New York Times Review of New Wilco Book
Greg Kot's new book "Learning How To Die" is reviewed in The New York Times by Joe Klein.
"Rarely has so much attention been paid to a musician who has never quite succeeded commercially, or in his own mind, or in the minds of his oft-perplexed fans. But Tweedy is worth it, for his failures as much as his successes, for the cloudy clarity of his work."
"Through it all, Tweedy has produced some terrific (and not so terrific) music. Each Wilco album is different from the last. Tweedy is a classic autodidact, inhaling books, constantly pushing himself to grow and change. Over time, he has become a better guitar player and learned how to mess with the computerized gimmickry of the modern recording studio. Most important, he has figured out how to sing in an entirely distinctive and compelling way. Like Bob Dylan, Neil Young and others, Tweedy has a scratchy, nasal, good-bad voice, which depends on his emotional intelligence and phrasing, rather than timbre, for its effectiveness. His delivery is purposefully nervous, artfully irresolute. He will bend or slur a phrase, pause uncomfortably, allow a note to shatter in mid-attack; at times, it sounds as if he's very close to a nervous breakdown. There is a terrible sadness to it. (As affecting as Tweedy's postmodern angst can be, I sometimes miss the occasional lacerating jolt of angry energy Jay Farrar brought to their collaborations.) "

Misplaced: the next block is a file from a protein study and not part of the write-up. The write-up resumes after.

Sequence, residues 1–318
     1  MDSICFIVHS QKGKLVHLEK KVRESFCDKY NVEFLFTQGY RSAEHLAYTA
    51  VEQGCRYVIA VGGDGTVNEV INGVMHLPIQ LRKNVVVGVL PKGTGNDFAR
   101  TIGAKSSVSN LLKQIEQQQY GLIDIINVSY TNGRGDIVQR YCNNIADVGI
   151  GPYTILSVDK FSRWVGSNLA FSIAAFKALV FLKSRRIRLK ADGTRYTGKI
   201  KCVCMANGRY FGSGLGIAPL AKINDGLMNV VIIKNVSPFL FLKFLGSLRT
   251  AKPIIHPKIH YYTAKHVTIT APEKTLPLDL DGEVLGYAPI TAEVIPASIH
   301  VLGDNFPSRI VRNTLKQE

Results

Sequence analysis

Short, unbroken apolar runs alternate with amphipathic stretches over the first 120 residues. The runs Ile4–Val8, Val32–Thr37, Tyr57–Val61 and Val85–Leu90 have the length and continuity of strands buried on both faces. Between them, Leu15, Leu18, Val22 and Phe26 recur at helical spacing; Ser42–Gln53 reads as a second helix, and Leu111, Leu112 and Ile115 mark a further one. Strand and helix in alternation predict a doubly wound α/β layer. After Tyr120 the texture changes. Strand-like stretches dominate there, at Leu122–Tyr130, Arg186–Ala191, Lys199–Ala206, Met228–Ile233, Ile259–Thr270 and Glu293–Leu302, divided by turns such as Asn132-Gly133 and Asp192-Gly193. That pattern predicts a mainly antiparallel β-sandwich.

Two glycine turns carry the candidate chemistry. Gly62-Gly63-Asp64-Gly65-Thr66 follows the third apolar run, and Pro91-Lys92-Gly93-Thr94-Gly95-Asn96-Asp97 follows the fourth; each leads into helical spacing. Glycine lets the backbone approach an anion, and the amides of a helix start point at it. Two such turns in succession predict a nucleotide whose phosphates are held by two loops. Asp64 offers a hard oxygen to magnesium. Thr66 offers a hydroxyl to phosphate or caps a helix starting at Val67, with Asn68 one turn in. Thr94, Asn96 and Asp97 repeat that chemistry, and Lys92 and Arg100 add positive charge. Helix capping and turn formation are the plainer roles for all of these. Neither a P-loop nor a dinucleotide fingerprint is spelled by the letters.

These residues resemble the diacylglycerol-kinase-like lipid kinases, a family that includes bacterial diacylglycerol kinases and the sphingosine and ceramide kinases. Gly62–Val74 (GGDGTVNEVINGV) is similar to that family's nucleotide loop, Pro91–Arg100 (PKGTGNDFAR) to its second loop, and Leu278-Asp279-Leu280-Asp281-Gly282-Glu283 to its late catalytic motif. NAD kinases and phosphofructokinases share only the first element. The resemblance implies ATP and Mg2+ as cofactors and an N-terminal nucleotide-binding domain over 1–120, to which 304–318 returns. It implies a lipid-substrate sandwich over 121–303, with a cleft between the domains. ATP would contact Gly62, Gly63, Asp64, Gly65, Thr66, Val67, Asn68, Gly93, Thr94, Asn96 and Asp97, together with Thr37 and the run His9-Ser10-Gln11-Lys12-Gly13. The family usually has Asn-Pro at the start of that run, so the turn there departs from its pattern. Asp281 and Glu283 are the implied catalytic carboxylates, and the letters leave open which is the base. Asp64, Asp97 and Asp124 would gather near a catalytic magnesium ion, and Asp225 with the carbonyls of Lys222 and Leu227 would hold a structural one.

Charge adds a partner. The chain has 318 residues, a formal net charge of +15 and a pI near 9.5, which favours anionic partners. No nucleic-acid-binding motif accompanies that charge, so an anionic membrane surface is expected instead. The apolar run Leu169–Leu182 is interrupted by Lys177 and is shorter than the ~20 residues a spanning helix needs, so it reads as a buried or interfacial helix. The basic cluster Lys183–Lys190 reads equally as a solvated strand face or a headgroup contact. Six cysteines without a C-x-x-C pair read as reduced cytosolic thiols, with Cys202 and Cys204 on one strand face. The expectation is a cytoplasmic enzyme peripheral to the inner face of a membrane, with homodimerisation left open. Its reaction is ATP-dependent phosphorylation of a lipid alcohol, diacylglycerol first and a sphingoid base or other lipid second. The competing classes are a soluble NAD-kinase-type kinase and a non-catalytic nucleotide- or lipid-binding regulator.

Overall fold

More on Greg Kot's Wilco book "Learning How To Die".